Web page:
June 22, 2020 at 12:23 p.m. PDT
As President Trump continues to rail about a “rigged 2020 election” on Twitter, the group representing Democratic secretaries of state released its own social media campaign, accusing Trump and the Republican Party of engaging in voter suppression that is “rooted in white supremacy.”
The video ad by the Democratic Association of Secretaries of State connects the issue of voting rights to the current conversation about addressing systemic racism. It uses images of black protesters from the 1950s and ’60s demanding voting rights, alongside those of current protests over police violence, sparked by the killing of George Floyd in Minneapolis police custody. A narrator says: “White supremacy does not endure on its own. It is propped up by suppressing black voices and votes.”
California Secretary of State Alex Padilla, chairman of the group, said the ad campaign, which began Monday, is “inspired by the movement we’ve seen in the last several weeks in response to the killing of George Floyd.”
“As a nation, we’ve been reminded that we have a lot of work to do to achieve justice and equality in tackling discrimination and racism in many areas, and our election system is no exception,” he said.
“Modern-day voter suppression policies may no longer include poll taxes and literacy tests, but the disproportionate adverse impact of voter-ID laws, purging of voter rolls and felony disenfranchisement on communities of color is no coincidence,” he said.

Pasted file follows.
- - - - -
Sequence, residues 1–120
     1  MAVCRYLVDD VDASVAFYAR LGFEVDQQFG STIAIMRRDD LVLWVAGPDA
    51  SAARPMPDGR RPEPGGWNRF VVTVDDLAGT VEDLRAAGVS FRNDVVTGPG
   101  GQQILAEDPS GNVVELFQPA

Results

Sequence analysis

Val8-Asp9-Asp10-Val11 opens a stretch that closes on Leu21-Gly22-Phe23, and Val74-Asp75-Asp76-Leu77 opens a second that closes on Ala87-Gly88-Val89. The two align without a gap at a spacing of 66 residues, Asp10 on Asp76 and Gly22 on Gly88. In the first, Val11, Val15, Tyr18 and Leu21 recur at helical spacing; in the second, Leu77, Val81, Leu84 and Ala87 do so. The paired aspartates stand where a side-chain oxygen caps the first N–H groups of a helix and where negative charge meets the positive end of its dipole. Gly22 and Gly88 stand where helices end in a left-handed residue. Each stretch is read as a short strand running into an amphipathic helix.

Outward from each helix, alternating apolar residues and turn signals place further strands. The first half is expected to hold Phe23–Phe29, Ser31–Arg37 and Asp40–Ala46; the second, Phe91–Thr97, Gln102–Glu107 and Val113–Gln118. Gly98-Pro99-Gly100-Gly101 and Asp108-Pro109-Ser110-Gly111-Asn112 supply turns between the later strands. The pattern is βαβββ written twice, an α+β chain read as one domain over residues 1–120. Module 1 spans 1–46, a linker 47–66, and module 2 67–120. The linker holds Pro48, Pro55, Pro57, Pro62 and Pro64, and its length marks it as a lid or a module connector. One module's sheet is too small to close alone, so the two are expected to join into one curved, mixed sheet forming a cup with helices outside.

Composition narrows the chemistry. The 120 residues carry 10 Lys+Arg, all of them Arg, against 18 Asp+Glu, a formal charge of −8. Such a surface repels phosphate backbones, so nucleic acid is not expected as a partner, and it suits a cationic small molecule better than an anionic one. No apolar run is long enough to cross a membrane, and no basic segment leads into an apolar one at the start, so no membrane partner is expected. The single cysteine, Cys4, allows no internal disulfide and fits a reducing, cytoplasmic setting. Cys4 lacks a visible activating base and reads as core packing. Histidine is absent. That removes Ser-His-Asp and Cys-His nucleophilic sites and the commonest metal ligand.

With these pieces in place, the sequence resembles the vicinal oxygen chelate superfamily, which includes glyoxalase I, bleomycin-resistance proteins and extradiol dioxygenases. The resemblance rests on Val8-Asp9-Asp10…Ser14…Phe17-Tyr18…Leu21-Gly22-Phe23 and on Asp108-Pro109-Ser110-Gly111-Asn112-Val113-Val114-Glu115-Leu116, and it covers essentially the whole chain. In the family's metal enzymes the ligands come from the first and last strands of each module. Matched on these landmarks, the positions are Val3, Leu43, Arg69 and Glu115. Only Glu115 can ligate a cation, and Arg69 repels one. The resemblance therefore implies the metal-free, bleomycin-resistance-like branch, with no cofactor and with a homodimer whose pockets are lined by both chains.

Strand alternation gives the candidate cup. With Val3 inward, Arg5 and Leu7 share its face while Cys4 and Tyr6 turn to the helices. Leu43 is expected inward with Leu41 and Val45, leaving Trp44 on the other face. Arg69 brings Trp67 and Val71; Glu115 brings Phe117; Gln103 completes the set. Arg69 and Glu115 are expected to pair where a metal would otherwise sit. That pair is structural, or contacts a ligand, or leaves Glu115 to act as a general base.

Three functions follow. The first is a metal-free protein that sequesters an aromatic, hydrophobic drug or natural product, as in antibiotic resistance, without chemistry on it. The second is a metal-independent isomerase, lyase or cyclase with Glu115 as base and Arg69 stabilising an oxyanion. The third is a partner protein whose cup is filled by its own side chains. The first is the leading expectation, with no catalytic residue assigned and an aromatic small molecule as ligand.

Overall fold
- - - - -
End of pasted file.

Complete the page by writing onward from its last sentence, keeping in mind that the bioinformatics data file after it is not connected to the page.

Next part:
Voting rights is shaping up to be a major point of contention in this crucial election year. Concerns about infection from the coronavirus has prompted Democrats to call for expanded voting by mail. Trump has repeatedly tweeted, often in capital letters, that mail-in voting will lead to massive voter fraud.
Research and actual cases have shown that voter fraud is rare, and there is no evidence to support Trump’s claims that voting by mail will lead to widespread fraud.
The ad by the Democratic secretaries describes voter suppression as “a strategy to hold power. So it’s no surprise that Donald Trump clings to that strategy so desperately in 2020.”
This year’s primary season has been marred by confusion as some states have expanded voting by mail, and some states has seen excessively long lines as state and local officials have faced challenges to conduct in-person voting during the coronavirus pandemic.
The Democratic secretaries vowed in the ad to protect the expansion of voting by mail “so that no one has to choose between their vote and their health.”
The Republican Party and conservative activists are planning to spend millions in legal challenges and ad campaigns of their own to urge tighter restrictions on voting.